2016 Goal: to develop the learning agency of students with low self-management and low self-efficacy.
- Increasingly aware of the need to explicitly teach core skills such as the key competencies and the habits of mind. The cynic in me believes that the students that already have strong self efficacy pick up on these skills naturally when given the right environment. This is often what I get measured on because these students demonstrating these skills are often visible.
- Self-directed units of work have become more and more frequent in my classes. Last year I pushed this to new levels in having students create and pursue their own courses in Level Three Media. A student captured what this was like in this write up.
- 2016 is seeing my Media classes attempt a multi-level structure, which will be unit based, but with opt-in class time and opt-in assessments (with four set due dates for the whole class).
- I want my students to have a high degree of agency, be in charge of their learning and make good choices. I believe in giving them the space to do these things, and having reflective processes in place so that we can learn from them. I have observed though that historically I don’t make significant shifts with the students with the weakest levels of self-efficacy and motivation. Two students last year only achieved 6 credits, and one achieved none in a course where they were given the power to act. In interviewing them at the end of the year I still didn’t feel they had gained much knowledge into how they learn, and therefore the approach of the course simply wasn’t valuable for them.
Action and Next Steps
- Identify five students for a focus group to track and work with through the year. Each of these five students have low rate of participation in self-motivated tasks as observed in term one. The table below captures a snapshot of these five students. They represent a range of ethnic groups (including Pasifika and Maori) and are all boys which aligns with a our school goals of increasing achievement for these groups.
- With these five students I’ll run an individual discussion with each of them to explain what I’m focusing on this year. I’ll then give them a formative survey to collect some data about where they see themselves in relation to some specific skills. Something I’ll repeat later in the year to measure shifts. Then I plan to run focus lunches where I’ll bring the students together to talk about agency and learning and co-construct interventions for us to follow through with.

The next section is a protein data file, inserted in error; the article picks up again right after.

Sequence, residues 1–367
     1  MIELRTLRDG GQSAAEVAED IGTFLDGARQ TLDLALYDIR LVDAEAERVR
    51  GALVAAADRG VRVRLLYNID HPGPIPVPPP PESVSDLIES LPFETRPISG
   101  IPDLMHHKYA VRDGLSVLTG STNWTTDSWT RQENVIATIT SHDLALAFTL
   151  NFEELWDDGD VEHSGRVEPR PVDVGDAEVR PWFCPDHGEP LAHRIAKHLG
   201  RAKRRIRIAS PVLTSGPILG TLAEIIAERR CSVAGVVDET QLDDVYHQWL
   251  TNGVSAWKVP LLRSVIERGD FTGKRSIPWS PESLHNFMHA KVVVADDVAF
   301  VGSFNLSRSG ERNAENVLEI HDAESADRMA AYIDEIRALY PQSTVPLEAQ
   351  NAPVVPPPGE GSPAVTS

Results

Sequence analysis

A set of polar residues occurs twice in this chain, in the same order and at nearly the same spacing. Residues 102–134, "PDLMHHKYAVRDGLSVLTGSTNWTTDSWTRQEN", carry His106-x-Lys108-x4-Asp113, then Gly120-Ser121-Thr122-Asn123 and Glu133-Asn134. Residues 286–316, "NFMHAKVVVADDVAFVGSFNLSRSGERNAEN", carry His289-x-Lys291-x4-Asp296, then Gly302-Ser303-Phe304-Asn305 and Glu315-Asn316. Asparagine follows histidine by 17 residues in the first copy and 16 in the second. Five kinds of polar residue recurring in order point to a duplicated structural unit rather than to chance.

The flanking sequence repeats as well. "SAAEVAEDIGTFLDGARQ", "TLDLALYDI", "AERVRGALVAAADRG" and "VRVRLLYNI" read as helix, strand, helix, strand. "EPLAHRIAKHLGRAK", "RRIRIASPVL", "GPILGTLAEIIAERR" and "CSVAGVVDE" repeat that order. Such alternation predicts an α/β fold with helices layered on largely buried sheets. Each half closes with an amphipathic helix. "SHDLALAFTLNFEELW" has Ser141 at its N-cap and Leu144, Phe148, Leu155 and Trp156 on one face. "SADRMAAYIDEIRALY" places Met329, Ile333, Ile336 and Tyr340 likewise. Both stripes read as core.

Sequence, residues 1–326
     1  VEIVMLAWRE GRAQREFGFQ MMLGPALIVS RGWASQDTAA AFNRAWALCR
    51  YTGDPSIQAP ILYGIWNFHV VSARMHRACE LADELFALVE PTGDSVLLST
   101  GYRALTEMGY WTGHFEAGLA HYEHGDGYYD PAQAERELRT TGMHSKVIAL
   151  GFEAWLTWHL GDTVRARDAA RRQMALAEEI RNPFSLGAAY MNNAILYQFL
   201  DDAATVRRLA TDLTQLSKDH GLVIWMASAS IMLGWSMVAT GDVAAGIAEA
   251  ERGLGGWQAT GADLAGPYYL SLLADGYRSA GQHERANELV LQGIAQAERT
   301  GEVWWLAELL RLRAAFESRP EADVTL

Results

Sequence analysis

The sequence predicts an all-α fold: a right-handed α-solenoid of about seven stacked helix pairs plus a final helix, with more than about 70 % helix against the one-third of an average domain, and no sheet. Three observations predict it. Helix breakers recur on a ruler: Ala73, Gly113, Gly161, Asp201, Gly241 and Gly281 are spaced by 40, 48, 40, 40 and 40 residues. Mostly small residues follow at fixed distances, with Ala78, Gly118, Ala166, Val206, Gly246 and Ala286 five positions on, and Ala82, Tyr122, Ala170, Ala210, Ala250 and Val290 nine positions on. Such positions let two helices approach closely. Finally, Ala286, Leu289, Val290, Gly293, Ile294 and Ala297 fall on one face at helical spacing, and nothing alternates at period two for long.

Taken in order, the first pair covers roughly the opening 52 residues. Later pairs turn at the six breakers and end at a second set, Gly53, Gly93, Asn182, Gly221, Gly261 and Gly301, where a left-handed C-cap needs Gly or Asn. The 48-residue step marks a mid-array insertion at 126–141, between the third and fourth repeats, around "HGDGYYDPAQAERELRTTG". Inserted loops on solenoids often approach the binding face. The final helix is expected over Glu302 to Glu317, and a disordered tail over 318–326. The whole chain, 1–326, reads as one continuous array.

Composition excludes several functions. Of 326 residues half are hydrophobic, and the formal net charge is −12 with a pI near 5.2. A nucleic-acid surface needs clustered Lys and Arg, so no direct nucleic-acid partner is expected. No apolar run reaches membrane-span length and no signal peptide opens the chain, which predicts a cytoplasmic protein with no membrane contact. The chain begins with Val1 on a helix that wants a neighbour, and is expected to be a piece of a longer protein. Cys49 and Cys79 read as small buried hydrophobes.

- Explicitly teach key competencies, self-efficacy, growth mindset, and the habits of mind. I say this often, but I don’t often talk about how. It’s on the list for a future blogpost.
- Look into current research into motivation and ways to build agency. As a starting point, here are some gems from this post on cult of pedagogy:
What studies suggest motivates students:
- Students are more motivated academically when they have a positive relationship with their teacher
- Choice is a powerful motivator in most educational contexts.
- For complex tasks that require creativity and persistence, extrinsic rewards and consequences actually hamper motivation.
- To stay motivated to persist at any task, students must believe they can improve in that task.
- Students are motivated to learn things that have relevance to their lives.
- Further research in this document that collates heaps of info presented by Jim Wright at a CCSE conference:
Six reasons for motivation deficit:
- The student is unmotivated because he or she cannot do the assigned work.
- The student is unmotivated because the ‘response effort’ needed to complete the assigned work seems too great.
- The student is unmotivated because classroom instruction does not engage.
- The student is unmotivated because he or she fails to see an adequate pay-off to doing the assigned work.
- The student is unmotivated because of low self-efficacy—lack of confidence that he or she can do the assigned work.
- The student is unmotivated because he or she lacks a positive relationship with the teacher.
Finally, this approach is connected strongly to our school’s vision (below) and placing students’ at the centre of their learning. I hope tat I will be able to understand more about low self-efficacy learners and develop more successful ways of helping them this year, and in the years to come.